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Overview for Edmond O'Brien
Edmond O'Brien

Edmond O'Brien



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Also Known As: Died: May 9, 1985
Born: September 10, 1915 Cause of Death: complications from Alzheimer's Disease
Birth Place: New York City, New York, USA Profession: Cast ... actor producer director magician TV director clerk


Nobody sweat quite like Edmond O'Brien. Although he was perfectly fine in comedies and even could sing and dance on occasion, he is best remembered for the intense characters he played in heavy dramas and particularly film noir. Whether playing the undercover cop infiltrating James Cagney's gang in White Heat (1949), the man desperately trying to figure out who killed him in D.O.A. (1950) or, in an Oscar®-winning performance, the overheated press agent caught between new star Ava Gardner and evil producer Warren Stevens in The Barefoot Contessa (1954), O'Brien gave his performance all he had, including a good deal of perspiration. He lived just as large off-screen, where he was noted for his generosity, ability to converse intelligently on almost any topic and heavy drinking. One of the best respected actors in Hollywood, he defined the term character actor, bringing emotional depth even to his early leading-man roles.

Eamon Joseph O'Brien started acting early, putting on magic shows for the kids in his Bronx neighborhood with a little coaching from a sympathetic neighbor, Harry Houdini. An aunt who taught high school English and speech took him to the theatre from an early age. Between those two influences, he couldn't grow up to be anything but an actor. After enrolling in Fordham University, he dropped out after six months to join the first class at the Neighborhood Playhouse, studying acting under Sanford Meisner with future musical star Betty Garrett. The two-year program was all-consuming, but that didn't stop him from taking outside classes in Shakespearean acting.

Sources disagree over whether he made his Broadway debut as the Gravedigger in John Gielgud's Hamlet or as Orestes's friend and tutor in Daughters of Atreus, both of which opened in October 1936. Either way, the 21-year-old actor made a good enough impression to keep working. He had a supporting role in Maxwell Anderson's The Star Wagon, starring Lillian Gish and Burgess Meredith. Then his radio work put him in contact with lifelong friend Orson Welles, who cast him to replace George Coulouris late in the run of his ground-breaking modern-dress production of Julius Caesar. From there, he moved into Maurice Evans's production of King Henry IV, Part I as Prince Hal, with Evans as Falstaff. When the opening night reviews singled out his work, Evans gave him star credit on the marquee.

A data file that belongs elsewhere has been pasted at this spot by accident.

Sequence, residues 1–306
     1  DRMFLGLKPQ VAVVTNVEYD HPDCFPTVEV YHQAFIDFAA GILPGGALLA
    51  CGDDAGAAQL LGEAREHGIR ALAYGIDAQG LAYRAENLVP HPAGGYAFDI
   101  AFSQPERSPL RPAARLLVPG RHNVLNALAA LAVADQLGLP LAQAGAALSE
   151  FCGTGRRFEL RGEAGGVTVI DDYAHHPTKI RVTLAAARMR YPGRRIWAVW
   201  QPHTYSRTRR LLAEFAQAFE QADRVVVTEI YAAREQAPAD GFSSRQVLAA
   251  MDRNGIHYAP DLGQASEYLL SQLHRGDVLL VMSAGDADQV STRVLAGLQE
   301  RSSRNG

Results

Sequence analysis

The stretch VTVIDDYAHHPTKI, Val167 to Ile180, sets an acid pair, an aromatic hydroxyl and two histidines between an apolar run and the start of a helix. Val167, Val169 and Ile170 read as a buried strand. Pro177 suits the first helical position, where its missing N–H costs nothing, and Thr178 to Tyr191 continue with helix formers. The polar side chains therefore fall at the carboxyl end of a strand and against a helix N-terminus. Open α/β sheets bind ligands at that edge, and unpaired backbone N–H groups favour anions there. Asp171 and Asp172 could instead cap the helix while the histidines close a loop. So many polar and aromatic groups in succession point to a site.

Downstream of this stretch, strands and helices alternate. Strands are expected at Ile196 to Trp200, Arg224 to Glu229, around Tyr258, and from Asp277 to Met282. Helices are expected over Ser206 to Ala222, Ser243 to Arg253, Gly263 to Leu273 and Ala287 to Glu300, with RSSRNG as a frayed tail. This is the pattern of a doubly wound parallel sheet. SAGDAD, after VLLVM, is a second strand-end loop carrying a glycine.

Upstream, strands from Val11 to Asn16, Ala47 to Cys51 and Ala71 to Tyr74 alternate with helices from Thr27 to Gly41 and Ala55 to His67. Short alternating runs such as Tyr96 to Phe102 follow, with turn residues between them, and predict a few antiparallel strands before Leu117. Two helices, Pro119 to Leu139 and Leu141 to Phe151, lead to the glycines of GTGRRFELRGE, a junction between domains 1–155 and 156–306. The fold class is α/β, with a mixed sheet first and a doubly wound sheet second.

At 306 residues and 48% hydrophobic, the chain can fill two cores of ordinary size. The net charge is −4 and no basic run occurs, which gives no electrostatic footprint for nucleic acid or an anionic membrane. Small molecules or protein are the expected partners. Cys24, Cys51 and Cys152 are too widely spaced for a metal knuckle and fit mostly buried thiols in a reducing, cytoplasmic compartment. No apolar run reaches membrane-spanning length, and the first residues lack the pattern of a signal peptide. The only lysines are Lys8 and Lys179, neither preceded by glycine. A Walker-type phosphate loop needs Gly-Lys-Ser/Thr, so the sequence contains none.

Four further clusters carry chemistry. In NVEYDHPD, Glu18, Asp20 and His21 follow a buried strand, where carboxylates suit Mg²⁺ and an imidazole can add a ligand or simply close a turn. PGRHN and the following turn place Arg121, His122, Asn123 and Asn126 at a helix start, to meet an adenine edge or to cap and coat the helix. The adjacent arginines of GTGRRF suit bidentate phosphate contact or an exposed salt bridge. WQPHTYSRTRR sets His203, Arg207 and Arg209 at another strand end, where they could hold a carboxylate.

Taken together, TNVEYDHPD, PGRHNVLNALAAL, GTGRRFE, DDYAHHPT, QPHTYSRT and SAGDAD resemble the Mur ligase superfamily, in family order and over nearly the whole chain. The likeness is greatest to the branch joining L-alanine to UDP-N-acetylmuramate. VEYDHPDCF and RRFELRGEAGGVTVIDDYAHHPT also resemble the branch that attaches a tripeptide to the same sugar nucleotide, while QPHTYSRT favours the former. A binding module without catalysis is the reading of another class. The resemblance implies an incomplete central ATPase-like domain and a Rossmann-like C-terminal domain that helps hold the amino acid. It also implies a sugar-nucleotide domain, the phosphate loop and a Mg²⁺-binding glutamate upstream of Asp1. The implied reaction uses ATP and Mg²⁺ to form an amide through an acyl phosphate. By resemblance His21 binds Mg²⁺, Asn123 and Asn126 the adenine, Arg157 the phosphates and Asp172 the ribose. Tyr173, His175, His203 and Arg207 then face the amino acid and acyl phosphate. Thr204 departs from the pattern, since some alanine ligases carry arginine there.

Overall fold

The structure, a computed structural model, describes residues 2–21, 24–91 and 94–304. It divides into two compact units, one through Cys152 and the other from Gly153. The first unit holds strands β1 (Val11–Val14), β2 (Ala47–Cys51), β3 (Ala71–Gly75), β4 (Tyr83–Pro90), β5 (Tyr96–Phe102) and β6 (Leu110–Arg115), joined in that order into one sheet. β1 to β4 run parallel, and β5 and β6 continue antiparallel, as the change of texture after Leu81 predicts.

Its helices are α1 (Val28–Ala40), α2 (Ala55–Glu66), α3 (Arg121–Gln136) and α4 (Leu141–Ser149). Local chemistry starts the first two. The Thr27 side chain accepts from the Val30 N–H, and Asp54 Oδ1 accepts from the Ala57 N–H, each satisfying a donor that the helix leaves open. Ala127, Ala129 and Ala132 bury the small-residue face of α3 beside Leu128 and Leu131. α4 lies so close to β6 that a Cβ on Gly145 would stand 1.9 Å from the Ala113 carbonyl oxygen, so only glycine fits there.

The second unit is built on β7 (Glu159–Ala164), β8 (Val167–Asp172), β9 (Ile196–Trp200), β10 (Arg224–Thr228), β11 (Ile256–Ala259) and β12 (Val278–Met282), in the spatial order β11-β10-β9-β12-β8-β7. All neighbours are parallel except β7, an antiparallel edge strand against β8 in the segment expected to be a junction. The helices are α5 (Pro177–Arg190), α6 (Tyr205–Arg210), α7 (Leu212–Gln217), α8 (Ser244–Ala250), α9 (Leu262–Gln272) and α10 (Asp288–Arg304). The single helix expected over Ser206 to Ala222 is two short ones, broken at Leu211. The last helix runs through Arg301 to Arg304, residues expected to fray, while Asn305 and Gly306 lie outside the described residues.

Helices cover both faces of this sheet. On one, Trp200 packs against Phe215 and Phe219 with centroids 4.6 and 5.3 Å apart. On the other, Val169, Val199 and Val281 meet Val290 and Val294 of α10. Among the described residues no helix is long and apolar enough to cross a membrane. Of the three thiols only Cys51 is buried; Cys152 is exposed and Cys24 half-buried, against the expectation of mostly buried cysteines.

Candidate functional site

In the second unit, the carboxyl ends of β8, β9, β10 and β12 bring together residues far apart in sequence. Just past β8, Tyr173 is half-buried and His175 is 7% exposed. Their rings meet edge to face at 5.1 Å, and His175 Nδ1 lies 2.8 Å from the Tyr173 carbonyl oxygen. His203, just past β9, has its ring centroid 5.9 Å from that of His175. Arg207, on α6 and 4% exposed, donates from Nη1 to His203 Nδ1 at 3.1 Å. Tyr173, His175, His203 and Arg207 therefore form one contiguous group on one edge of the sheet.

His good notices also brought him to the attention of RKO production chief Pandro S. Berman, who gave him his first film role, as Gringoire, the poet enamored of Esmeralda in the Charles Laughton version of The Hunchback of Notre Dame (1939). For fans mostly familiar with O'Brien's later work, his performance as a romantic leading man is something of a revelation. Unlike his more grizzled character roles, Gringoire is actually pretty, though not as pretty as Maureen O'Hara, who was making her U.S. film debut.

O'Brien was still primarily interested in stage work, so he returned to Broadway, where he played Mercutio opposite Laurence Olivier and Vivien Leigh as Romeo and Juliet. That high-profile production led to another call from RKO, this time with a multi-film contract. He started off there as a romantic young business tycoon vying with sailor George Murphy for the heart of a vivacious Lucille Ball in A Girl, a Guy, and a Gob (1941). He was the other man again in Parachute Battalion (1941), this time vying with fellow flyer Robert Preston for sergeant's daughter Nancy Kelly. Although he was third billed, O'Brien got the girl on-screen and off-. He and Kelly fell in love during filming, though they divorced a year later. As respected as O'Brien was for his acting, he was also acquiring a reputation as a heavy drinker, which kept the two from settling down to a long relationship.

Most of those early RKO assignments were programmers, like Obliging Young Lady (1942), in which he's a former reporter pursuing legal secretary Ruth Warrick while she thinks he's just chasing another story involving her boss's client, heiress Joan Carroll. After traveling to Universal to romance Deanna Durbin in The Amazing Mrs. Holliday (1943), he joined the Army like many other young men at the start of World War II.